Two States Looking to Increase Legal Smoking Age to 21
According to the American Lung Association, 90 percent of smokers pick up their habit by the time they reach age 18. In an effort to reduce the number of adolescent smokers, two states are currently working to raise the legal smoking age to 21.
California Senator Ed Hernandez (D-Azusa) and Washington Attorney General Bob Ferguson both submitted proposals to their respective state houses in late January. Attorney General Ferguson’s legislation—Senate Bill 5494 and House Bill 1458—are sponsored by Senator Mark Miloscia and Representative Tina Orwall.
Ferguson has said that he hopes raising the legal age for smoking will be a pushback against Big Tobacco, who have been perceived as targeting 18-21-year-olds. Raising the legal smoking age could also effectively stop younger teens from having 18-year-olds buying cigarettes for them.
There are currently four states—Utah, New Jersey, Alabama and Alaska (with the addition of Washington D.C.)—who have a legal smoking age of 19.
California’s bill to increase the legal smoking age is in conjunction with the American Heart Association, American Lung Association, and the American Cancer Society. These organizations are working to impose a $2-per-pack increase in cigarette taxes in order to renew their anti-smoking campaign.
Attempts to raise the legal smoking age from 18 to 21 have been unsuccessful in the past. New Jersey, Utah, Colorado, and Maryland have all had similar proposals fail to pass. One thing that may give these bills some backing is that in areas where marijuana is being legalized (whether for medicinal or recreational use), the legal age of consumption is 21 years old.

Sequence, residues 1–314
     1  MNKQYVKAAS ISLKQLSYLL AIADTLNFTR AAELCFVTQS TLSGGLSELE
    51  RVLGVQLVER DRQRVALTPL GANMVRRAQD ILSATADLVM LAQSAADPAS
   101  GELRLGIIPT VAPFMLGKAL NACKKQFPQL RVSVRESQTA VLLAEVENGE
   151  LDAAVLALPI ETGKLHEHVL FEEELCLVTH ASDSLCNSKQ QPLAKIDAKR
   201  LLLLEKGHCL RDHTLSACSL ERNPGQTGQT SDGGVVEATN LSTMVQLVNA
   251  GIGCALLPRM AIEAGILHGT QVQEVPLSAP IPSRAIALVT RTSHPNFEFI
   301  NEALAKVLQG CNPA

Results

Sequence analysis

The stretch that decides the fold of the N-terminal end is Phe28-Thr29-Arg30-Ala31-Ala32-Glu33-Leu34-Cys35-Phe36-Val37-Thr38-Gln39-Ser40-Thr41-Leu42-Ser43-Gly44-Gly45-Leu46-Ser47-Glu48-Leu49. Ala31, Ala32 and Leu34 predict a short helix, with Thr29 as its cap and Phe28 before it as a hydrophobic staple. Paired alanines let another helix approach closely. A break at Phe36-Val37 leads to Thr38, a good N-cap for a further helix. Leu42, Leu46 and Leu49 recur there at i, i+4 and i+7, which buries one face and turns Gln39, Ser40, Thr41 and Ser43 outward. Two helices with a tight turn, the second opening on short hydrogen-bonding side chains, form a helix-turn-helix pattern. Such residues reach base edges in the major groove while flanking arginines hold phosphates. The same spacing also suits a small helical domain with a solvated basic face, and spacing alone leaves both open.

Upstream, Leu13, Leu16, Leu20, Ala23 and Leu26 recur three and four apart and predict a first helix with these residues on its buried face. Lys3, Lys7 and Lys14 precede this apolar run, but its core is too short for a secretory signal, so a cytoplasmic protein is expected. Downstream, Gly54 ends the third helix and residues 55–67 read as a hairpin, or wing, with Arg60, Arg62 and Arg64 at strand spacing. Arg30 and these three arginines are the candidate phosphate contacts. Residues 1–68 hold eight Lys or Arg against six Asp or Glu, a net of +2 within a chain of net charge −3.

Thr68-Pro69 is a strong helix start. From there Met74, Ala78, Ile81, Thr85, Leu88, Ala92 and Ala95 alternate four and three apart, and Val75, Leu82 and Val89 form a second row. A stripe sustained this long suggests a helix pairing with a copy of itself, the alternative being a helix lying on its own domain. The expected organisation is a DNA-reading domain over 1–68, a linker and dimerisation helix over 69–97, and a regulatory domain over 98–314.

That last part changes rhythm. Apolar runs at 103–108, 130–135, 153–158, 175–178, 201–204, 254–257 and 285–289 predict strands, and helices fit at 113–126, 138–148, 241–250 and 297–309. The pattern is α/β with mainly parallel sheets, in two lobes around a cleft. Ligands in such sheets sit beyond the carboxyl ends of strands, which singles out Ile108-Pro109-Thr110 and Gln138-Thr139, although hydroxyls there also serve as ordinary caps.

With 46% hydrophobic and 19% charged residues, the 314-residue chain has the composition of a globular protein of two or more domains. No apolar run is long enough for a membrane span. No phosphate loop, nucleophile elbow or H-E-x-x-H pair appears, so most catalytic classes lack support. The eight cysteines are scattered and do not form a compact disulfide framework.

Both Washington and California lawmakers have begun focusing on vaporizers cigarettes as well. There is proposed legislation on the books to keep the patrons of bars, restaurants, hospitals and other businesses from using vaporizers while on the premises of these establishments.
Despite the fact that vaporizers do not burn tobacco like traditional cigarettes, many people still lump them together. This association often leads electronic cigarettes to be included in legislation aimed at tobacco cigarettes.
To educate yourself and others on vaping and how it differs from smoking, we invite you to learn more about how our smokeless cigarettes work.
Also, be sure you stay abreast of the most recent vaping news and headlines by visiting our regularly updated blog and knowledge center.
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